Kakebo: a great help to save money made in Japan
For me and Yo, this is the first cohabitation.
Since now we understand each other, and we both know what we love or hate, in the beginning, we were damned awkward when it comes to taking care of the other person. We were stress about moving, the new life in a big city, our crazy small apartment that didn’t allow us to have some space and also, because of the fear for the future.
Different culture? Different education? I don’t think so. Was just, a new challenge that we decided to embrace.
I remember that one of our first “discussion” was about our habits, especially how we wanted to spend our “pocket money” in our daily life.
We discover that we were different.
While I love to go out, drink a coffee in a cafe’ and explore the city, Yo was just more focus on staying at home, study or sometimes take the bicycle and go in some adventure.A different way of spending the time and different way of spending our money.
The Hard Law of Accounts
Because both of us didn’t want (of course) to stop our “hobbies”, we founded a solution that wasn’t just useful to save money but also to understand how we were spending time during our week. We start using Kakebo.
What is it?
A Kakebo is a sort of agenda of the household accounts useful to take into account the daily expenses.
I always thought it was a bit of a waste of money. Why buy a special notebook? Just sign everything on my agenda!
Yo had advised me to buy two summers ago in Italy (it’s a Japanese article but now you can buy it anywhere). We found it in a bookstore in Bra (province of Cuneo), two days before he left for Japan. We didn’t have big plans for our future. At that time we were simply looking for useful Italian books to improve his Italian skills, and we ended up buying a tool that became indispensable in our cohabitation here in Japan. Strange life.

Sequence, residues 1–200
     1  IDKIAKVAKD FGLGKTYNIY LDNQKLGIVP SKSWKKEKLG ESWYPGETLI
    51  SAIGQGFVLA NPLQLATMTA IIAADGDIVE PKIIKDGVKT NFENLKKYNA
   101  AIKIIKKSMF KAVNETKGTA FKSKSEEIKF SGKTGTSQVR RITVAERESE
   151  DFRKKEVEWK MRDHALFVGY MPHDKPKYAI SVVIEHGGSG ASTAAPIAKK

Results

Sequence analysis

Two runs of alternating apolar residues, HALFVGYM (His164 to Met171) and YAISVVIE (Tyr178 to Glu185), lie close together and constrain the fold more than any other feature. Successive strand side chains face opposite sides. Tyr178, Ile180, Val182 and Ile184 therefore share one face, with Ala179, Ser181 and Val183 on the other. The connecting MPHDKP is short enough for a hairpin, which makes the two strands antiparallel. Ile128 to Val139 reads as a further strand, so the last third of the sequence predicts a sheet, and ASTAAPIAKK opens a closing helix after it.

5 minutes every night
In Japan, it is very popular, both among the young and the adults who take care of families and household expenses (Yo’s mother is an example – she has been compiling it every day since she was a young girl).
For the Japanese, keep order with their finances and as important as keeping order in the house.
Kakebo is nothing more than a simple book in which you can write numbers and make calculations, but his organization has the capacity to make everything more framed and less stressful.
Every night, before going to sleep, we promised ourselves to take 5 minutes to sit at the desk, pull out the receipts from the wallets and mark everything on our much loved and hated Kakebo.
If you are asking if after one year we are still doing it, let me say that I just bought a new one last week.
Origin of Kakebo
Who to thank for this simple but useful invention?
Motoko Hani (1873-1957), officially recognized as the first female journalist in Japan, is the mother of this agenda.
Founder of the first Private Female School, she was the creator of the first magazine “Fujin no Tomo” – “The Companion of Women”, a magazine in which she promoted women’s freedom and self-sufficiency.
Isn’t the inability to keep our expenses under control a strong cause of stress when we start living alone? Or when do you decide to start a family?
Motoko Hani found a solution for this in the early 1900s, giving women a first role in the family, as budget organizers.
Should you give to Kakebo an opportunity?
It will certainly help you responsibly enjoy your free time, without excessive financial worries.
But as Motoko Hani said, we should all remember that:
“Sometimes you should try bartering, the soul will remain free and light. This is the best way to get rich.”
Ele & Yo